One common objection to intentional contextualization centers around the perceived loss of distinctiveness to following Christ. The argument goes that since people who don’t follow Christ do XYZ, people who do follow Christ should not do XYZ. Often, XYZ-ing is seen as inherently sinful. Other times, XYZ-ing is seen as so prevalent among people who don’t follow Christ that, it is argued, people who follow Christ must avoid XYZ-ing in order to demonstrate that they in fact are different.
On the other hand, someone who pursues contextualization looks at a person who doesn’t follow Christ doing XYZ and asks, “Is there some way XYZ can be done to worship Christ?” Sometimes the answer is no because XYZ-ing is clearly prohibited in Scripture (for instance, you cannot hate your brother in Christ as an act of worship to Jesus). But what about the other times?
Even the most ardent opponent to intentional contextualization must agree that sometimes doing XYZ can please God. After all, people who don’t follow Christ eat, sleep, and breathe, but no one is suggesting that people who follow Christ stop eating, sleeping, and breathing. People who don’t follow Christ pray, give thanks, and sing in worship, but no one would ever tell the Church to stop praying, giving thanks or singing. On the contrary, the Church is exhorted in Scripture to pray to the Lord, give thanks to the Lord, and sing to the Lord. It is important for opponents to the pursuit of contextualization to realize that they recognize on some level that similarity alone is not enough to condemn a specific action.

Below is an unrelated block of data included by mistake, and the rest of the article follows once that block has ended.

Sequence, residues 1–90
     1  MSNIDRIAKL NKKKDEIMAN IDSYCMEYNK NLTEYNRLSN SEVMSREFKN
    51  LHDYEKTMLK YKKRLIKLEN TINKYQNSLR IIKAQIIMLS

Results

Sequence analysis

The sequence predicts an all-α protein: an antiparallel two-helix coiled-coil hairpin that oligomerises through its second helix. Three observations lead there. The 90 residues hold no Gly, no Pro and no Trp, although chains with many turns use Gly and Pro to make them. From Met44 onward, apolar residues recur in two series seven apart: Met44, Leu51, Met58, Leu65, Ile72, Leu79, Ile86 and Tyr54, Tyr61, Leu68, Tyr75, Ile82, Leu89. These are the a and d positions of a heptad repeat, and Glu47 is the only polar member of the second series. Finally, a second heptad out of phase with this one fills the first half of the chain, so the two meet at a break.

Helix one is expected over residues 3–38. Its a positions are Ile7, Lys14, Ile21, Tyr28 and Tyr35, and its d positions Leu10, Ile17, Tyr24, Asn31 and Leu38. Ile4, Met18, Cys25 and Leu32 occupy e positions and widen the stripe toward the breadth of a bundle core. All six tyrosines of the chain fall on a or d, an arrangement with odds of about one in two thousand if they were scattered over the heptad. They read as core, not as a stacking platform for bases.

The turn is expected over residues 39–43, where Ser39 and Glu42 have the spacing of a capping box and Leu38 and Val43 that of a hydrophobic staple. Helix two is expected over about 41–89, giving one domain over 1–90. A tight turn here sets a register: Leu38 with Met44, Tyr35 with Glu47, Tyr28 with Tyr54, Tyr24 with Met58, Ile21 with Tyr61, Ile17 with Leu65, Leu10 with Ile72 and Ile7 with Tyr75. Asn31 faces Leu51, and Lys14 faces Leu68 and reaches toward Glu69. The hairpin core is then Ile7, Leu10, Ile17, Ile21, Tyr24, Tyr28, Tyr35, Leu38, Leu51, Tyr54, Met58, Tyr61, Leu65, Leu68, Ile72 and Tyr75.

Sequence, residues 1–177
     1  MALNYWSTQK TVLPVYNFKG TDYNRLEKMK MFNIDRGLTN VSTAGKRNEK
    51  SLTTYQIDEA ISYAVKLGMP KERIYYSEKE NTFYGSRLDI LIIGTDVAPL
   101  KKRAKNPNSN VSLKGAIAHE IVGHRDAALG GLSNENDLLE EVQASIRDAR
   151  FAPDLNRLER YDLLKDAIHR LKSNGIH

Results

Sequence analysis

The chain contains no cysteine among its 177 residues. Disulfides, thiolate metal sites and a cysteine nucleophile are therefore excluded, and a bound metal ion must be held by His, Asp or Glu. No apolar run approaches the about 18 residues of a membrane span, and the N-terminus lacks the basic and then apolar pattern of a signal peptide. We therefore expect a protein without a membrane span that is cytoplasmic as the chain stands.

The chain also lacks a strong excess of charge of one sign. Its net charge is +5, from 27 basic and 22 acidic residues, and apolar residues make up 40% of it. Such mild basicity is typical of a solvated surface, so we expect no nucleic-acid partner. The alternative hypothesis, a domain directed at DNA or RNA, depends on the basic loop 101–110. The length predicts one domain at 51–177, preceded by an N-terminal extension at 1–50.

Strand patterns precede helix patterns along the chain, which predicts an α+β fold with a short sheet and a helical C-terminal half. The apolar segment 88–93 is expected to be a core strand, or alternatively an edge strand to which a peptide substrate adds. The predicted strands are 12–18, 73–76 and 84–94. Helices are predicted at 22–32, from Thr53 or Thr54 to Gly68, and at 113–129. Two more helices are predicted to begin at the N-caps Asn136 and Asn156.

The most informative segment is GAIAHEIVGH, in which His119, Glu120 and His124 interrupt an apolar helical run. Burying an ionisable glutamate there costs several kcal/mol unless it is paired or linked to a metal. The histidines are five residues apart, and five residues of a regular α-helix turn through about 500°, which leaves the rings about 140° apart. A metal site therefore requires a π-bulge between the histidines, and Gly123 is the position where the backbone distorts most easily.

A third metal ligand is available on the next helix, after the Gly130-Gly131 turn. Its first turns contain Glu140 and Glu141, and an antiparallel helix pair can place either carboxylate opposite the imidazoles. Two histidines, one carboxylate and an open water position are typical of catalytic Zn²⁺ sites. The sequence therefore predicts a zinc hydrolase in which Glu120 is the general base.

I recently read 1 Kings 18 and I think the account of Elijah and the 450 prophets of Baal at Mt. Carmel is one Biblical example that demonstrates what distinctiveness is necessary. Elijah and the crowd of Baal priests each prepared one bull and arranged some wood. They did so at the same location and on the same day. They both called out to the one they worshipped. Note that the Israelites who observed all this and the prophets of Baal were not at all confused as to whether Elijah was worshipping Baal or worshipping the Lord. Unlike the 450 prophets, Elijah did not cry out to Baal but to the Lord. The fire of the Lord consumed Elijah’s offering as an answer to the prayer “that the people may know that you, O Lord, are God.” What grieved the Lord about the prophets of Baal’s sacrifice was not the bull, the wood, the location, or the day – which were the same as Elijah’s -- but the fact that those people failed to worship Him. The two sacrifices offered were deliberately similar outwardly but the spiritual attitudes of those offering the sacrifices were completely different.
Some of those concerned with specific Christ-centered contextualized practices being too similar to the practices of people who do not follow Christ seem to emphasize outward actions at the expense of inner attitudes. In order for the global Church to cooperate and grow to maturity, those who are concerned with the pursuit of contextualization need to accept that the “that’s what the prophets of Baal do” argument is insufficient. Yes, intentionally contextualized practices should be carefully examined in the light of Scripture – as all of our practices should be, if we desire to be living sacrifices to our Lord. Let us be careful, though, to avoid dismissing or belittling the unseen turning of hearts toward the Triune God.